MIAMI, Oct. 18, 2016 /PRNewswire-USNewswire/ -- Immune tolerance leader Alberto Pugliese, M.D., was presented with the J. Enloe and Eugenia J. Dodson Chair in Diabetes Research during a ceremony at the Diabetes Research Institute (DiabetesResearch.org) on October 13, 2016. Pugliese is a professor in the Department of Medicine/Division of Diabetes, Endocrinology and Metabolism, professor in the Department of Microbiology and Immunology, and Deputy Director for Immune Tolerance Research at the Diabetes Research Institute (DRI) at the University of Miami Leonard M. Miller School of Medicine.
"Helping to cure and prevent type 1 diabetes through research has always been my career goal," Pugliese said to a packed room of friends, family, and colleagues. "I have been learning from all of you. It's been a remarkable journey in knowledge, and it's helping us get closer to the solution." After thanking his wife, daughter, and mother, who were in attendance, Pugliese poignantly dedicated the tribute to his late father.
"To be awarded an endowed chair is a very high honor, and we could not be more pleased that it's being bestowed upon Dr. Alberto Pugliese," said Joshua W. Rednik, President and Chief Executive Officer of the Diabetes Research Institute Foundation (DRIF), the non-profit organization whose sole mission is to provide funding to the Diabetes Research Institute, and the University of Miami's largest overall donor. "It's clear that Dr. Pugliese has the respect and admiration of his peers, within the DRI, and beyond its borders."
The DRIF endowed this chair as a result of a substantial $35.6 million gift from the estate of the late Mrs. Eugenia J. Dodson of Coral Gables. Nearly $25 million was given to the DRIF, while Sylvester Comprehensive Cancer Center at the University of Miami Miller School of Medicine received the remaining funds. In addition to the chair, the DRIF created the J. Enloe and Eugenia J. Dodson Diabetes Center for Translational Research at the DRI to help fund scientific initiatives in cutting-edge areas, including immune tolerance, which is Pugliese's area of specialty.
According to Donald E. Kubit, of Fowler White Burnett P.A. who served as her attorney and co-trustee of her revocable trust, Dodson lived a modest lifestyle because she had a higher purpose for her wealth. After her husband's death, she invested her money and allowed the investments to grow into a small fortune over 50 years.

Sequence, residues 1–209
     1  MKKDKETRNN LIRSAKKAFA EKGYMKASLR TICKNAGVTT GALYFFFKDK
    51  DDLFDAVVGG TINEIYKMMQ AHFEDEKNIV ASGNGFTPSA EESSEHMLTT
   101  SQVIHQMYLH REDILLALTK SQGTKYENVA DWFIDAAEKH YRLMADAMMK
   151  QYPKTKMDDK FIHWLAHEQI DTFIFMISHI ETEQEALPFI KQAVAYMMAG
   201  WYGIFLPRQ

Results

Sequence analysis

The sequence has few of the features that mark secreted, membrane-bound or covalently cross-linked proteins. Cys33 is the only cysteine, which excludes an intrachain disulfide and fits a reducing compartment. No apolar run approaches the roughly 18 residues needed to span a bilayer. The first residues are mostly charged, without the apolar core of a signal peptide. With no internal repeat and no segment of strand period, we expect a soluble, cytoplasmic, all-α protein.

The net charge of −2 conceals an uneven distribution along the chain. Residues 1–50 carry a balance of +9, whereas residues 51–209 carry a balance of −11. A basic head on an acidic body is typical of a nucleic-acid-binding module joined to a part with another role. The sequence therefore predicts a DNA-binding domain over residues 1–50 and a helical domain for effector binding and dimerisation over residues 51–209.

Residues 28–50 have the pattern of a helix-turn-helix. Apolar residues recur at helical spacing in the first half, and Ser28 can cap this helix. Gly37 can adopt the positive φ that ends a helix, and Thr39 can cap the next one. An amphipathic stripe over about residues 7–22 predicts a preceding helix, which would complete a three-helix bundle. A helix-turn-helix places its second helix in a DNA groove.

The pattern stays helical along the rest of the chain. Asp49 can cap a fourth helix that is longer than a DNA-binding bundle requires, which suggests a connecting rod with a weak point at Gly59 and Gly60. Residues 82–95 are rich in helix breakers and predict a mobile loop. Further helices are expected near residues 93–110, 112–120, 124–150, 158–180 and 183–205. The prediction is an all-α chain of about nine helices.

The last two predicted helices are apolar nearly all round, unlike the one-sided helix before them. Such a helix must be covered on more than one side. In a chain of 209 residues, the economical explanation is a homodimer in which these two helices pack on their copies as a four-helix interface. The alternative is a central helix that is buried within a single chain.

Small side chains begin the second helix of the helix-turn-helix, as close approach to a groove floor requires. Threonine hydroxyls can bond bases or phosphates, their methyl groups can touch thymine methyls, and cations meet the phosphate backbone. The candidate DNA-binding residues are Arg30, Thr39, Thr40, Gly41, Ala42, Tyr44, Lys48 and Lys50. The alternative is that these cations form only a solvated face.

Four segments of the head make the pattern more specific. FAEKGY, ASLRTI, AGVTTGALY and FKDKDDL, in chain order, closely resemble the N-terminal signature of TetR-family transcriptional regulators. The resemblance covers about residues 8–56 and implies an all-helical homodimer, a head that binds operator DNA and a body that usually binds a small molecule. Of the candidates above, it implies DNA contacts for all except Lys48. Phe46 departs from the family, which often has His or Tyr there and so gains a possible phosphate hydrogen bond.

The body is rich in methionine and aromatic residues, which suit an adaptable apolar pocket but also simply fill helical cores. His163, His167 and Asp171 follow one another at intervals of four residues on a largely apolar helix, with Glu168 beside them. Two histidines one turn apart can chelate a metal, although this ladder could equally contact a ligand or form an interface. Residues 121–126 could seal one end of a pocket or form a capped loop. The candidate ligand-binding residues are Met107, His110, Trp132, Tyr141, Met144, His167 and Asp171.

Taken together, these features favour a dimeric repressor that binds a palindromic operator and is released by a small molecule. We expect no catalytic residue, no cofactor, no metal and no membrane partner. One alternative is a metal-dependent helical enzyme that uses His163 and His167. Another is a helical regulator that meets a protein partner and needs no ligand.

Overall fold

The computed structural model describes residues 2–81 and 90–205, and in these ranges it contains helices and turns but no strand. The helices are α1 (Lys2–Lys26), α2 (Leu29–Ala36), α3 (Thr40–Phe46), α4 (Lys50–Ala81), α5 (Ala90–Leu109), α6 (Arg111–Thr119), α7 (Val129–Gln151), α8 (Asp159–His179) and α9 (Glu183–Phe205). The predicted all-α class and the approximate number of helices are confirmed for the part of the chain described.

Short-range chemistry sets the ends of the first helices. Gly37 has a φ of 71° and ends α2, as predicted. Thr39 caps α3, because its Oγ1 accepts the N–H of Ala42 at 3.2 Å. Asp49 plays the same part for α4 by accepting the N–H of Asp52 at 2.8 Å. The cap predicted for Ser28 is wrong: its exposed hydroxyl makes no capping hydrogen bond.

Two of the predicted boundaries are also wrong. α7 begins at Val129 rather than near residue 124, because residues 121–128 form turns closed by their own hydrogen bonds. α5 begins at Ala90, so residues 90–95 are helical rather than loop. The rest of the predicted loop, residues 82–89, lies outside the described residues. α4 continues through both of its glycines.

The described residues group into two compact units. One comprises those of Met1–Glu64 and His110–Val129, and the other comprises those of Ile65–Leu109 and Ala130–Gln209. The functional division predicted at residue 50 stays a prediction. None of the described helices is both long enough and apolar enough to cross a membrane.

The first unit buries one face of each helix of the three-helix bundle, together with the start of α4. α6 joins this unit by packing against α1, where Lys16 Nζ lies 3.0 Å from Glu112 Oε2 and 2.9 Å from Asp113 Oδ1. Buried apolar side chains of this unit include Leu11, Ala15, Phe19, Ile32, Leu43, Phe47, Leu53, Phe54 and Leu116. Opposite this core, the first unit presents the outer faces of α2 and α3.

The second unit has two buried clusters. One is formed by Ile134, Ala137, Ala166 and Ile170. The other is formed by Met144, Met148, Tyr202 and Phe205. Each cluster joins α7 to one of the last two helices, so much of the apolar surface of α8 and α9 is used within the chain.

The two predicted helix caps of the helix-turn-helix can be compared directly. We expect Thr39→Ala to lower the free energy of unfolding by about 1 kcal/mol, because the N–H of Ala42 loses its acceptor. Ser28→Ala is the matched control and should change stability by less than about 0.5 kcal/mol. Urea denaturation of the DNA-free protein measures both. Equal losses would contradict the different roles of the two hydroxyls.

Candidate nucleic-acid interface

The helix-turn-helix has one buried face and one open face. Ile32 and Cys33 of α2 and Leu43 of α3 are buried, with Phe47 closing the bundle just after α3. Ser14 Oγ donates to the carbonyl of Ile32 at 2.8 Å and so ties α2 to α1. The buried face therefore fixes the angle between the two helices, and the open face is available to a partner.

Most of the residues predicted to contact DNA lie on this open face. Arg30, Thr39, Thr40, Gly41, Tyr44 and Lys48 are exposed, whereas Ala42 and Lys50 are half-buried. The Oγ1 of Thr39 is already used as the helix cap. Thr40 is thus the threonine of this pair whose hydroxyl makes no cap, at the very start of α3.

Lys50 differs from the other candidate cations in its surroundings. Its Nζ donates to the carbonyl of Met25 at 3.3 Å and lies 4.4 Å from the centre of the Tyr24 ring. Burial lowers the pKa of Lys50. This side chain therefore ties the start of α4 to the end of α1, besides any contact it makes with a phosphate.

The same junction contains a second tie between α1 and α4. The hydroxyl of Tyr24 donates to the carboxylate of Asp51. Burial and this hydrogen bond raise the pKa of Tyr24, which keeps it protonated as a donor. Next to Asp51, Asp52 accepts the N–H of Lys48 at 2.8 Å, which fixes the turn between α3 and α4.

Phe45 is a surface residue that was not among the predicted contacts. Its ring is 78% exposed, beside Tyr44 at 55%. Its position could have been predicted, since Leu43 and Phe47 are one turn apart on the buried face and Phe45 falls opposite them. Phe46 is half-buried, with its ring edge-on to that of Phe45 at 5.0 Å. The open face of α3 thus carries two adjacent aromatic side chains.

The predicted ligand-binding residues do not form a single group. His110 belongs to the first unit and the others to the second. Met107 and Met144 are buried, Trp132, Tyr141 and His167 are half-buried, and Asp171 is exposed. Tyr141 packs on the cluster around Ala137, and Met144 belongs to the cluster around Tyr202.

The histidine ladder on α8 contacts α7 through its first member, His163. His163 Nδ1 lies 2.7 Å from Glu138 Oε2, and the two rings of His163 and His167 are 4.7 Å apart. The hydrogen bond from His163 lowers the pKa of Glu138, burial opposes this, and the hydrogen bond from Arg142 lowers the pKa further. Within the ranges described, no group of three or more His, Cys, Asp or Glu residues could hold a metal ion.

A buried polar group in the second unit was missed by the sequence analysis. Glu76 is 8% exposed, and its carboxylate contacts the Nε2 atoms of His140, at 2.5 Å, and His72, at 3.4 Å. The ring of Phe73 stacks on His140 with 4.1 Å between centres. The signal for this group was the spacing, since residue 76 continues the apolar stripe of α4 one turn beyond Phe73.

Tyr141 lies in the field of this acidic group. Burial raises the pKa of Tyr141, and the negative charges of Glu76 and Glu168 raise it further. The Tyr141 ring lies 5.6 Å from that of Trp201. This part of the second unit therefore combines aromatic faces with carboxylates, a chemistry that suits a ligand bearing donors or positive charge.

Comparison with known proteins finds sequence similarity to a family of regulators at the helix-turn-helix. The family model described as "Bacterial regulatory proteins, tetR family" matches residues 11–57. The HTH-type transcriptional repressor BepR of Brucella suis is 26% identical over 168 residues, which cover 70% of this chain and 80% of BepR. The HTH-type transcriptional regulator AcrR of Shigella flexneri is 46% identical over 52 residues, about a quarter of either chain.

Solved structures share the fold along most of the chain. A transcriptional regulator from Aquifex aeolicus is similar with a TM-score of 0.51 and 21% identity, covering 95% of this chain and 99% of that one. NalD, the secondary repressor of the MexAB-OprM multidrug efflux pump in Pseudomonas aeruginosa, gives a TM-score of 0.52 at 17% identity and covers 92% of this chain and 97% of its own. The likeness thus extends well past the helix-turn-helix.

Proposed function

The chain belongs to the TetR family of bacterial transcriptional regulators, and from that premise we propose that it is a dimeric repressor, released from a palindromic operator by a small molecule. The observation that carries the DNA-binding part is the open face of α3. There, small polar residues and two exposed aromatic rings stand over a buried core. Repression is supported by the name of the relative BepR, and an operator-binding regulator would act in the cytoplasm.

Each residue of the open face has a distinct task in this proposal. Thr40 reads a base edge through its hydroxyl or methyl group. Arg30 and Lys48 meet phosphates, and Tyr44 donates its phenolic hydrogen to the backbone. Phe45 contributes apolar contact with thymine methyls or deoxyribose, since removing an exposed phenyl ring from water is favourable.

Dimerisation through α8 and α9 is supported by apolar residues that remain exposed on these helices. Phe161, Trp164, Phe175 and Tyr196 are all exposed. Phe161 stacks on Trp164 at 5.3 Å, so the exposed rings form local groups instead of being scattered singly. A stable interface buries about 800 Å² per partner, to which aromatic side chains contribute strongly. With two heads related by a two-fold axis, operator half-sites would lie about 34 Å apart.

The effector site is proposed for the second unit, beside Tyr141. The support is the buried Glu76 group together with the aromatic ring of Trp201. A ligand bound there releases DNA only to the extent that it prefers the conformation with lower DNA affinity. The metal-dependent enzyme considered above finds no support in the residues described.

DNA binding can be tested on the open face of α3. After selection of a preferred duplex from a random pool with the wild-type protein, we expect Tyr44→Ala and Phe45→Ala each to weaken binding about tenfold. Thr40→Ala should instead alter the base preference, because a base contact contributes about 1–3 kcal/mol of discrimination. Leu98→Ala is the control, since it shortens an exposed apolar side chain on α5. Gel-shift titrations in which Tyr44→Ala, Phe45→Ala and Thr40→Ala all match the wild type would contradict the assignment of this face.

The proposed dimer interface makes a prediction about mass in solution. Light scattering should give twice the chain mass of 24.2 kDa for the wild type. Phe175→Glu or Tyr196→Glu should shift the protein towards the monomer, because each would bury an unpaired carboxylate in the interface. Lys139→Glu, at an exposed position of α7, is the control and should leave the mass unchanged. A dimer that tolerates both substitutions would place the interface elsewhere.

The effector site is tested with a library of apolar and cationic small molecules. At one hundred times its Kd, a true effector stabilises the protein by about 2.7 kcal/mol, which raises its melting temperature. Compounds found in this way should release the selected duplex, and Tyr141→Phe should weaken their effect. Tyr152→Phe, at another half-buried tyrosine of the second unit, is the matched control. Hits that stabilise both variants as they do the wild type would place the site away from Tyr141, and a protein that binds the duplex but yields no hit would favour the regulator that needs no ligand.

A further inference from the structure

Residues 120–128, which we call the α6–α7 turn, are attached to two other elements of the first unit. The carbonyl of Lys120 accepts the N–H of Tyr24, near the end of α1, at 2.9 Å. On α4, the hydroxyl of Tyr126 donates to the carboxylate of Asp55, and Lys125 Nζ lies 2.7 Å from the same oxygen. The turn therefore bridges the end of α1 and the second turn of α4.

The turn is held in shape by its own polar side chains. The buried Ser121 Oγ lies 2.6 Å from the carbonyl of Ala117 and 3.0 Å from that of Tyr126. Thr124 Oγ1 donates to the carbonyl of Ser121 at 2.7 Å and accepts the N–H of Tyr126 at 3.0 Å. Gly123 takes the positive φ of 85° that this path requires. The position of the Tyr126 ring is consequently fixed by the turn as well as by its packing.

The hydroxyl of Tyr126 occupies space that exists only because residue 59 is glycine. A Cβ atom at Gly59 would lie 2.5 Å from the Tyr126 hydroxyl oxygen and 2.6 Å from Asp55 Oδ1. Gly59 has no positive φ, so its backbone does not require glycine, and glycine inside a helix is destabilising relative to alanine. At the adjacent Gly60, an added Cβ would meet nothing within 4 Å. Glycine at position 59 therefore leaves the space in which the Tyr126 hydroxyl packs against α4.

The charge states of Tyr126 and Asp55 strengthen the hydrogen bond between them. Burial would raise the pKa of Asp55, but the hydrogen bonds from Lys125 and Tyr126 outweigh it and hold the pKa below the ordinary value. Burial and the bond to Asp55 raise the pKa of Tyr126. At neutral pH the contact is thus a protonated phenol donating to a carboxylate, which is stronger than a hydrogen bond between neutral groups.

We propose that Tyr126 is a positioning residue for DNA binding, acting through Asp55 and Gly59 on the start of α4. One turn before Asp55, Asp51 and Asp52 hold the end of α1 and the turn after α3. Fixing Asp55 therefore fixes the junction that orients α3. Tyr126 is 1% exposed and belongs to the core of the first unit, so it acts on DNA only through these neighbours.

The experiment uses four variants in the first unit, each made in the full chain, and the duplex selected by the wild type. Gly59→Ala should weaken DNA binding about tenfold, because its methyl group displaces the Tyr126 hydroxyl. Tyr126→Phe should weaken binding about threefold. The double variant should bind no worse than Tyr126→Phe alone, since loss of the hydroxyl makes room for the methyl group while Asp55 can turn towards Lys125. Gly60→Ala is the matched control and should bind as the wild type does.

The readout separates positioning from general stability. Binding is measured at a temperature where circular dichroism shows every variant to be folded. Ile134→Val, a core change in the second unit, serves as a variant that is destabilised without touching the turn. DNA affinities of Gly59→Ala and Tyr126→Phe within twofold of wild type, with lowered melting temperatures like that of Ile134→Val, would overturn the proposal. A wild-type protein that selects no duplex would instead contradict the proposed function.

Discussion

"Gene lived a truly selfless life so she could fulfill her philanthropic goals," said Kubit at the time the donation was given. Kubit was instrumental in facilitating the gifts to the DRIF and Sylvester Comprehensive Cancer Center. "Eugenia Dodson's final estate plan was consistent with her profound desire to fund research to find a cure for diabetes and cancer."
"Few stories are more inspiring than that of Mrs. Dodson. Her support of the Diabetes Research Institute and the Sylvester Comprehensive Cancer Center has had a critical impact in cure-focused research into these debilitating diseases," said University of Miami President Julio Frenk. "I am very pleased to be here as we celebrate the installation of a new chair holder, which is truly one of the most prestigious academic tributes in higher education."
"Alberto Pugliese is a connector. He's always putting patients and a cure at the center of all decision-making. Alberto is a remarkable individual," said Camillo Ricordi, M.D., Stacy Joy Goodman Professor of Surgery, Distinguished Professor of Medicine, professor of biomedical engineering, microbiology, and immunology, and Director of the Diabetes Research Institute. Ricordi also thanked Pugliese for being a great "friend and collaborator."
Pugliese is dedicated to advancing type 1 diabetes research through scientific excellence, open collaboration, and the training of new investigators. For the last 25 years, he has studied type 1 diabetes from the preclinical period to the clinical diagnosis, and afterwards, in the setting of transplantation. His research has provided seminal contributions in type 1 diabetes genetics, immunology, pathology, and clinical trials. Since 2001, Pugliese has been a steering committee member of the Type 1 Diabetes TrialNet, a National Institutes of Health-funded clinical trial network, for which he has chaired several committees and initiatives. He is also Executive Co-Director of the JDRF Network for Pancreatic Organ Donors (nPOD), along with Mark Atkinson, Ph.D., American Diabetes Association Eminent Scholar for Diabetes Research and professor of the departments of Pathology and Pediatrics at the University of Florida.
The endowed chair will help support Pugliese and his research in the area of immune tolerance, which was spotlighted during the inaugural Lindsey Inserra-Hughes Immune Tolerance Seminar Series at the University of Miami Leonard M. Miller School of Medicine. Several leaders in the field were in attendance, including respected peers like Atkinson, Paul Bollyky, M.D., Ph.D., of Stanford University, Helena Reijonen, Ph.D., and Bart Roep, M.D., Ph.D., of the City of Hope in Los Angeles, and Thomas Malek, Ph.D., Ricordi, and Jay S. Skyler, M.D., of the DRI. This event, along with the presentation of the chair, underscores the Diabetes Research Institute and Foundation's focus on the immunology/immune tolerance issues related to type 1 diabetes.
As the largest and most comprehensive research center dedicated to curing diabetes, the DRI is aggressively working to develop a biological cure by restoring natural insulin production and normalizing blood sugar levels without imposing other risks. For more information, please visit DiabetesResearch.org or call 800-321-3437.
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SOURCE Diabetes Research Institute Foundation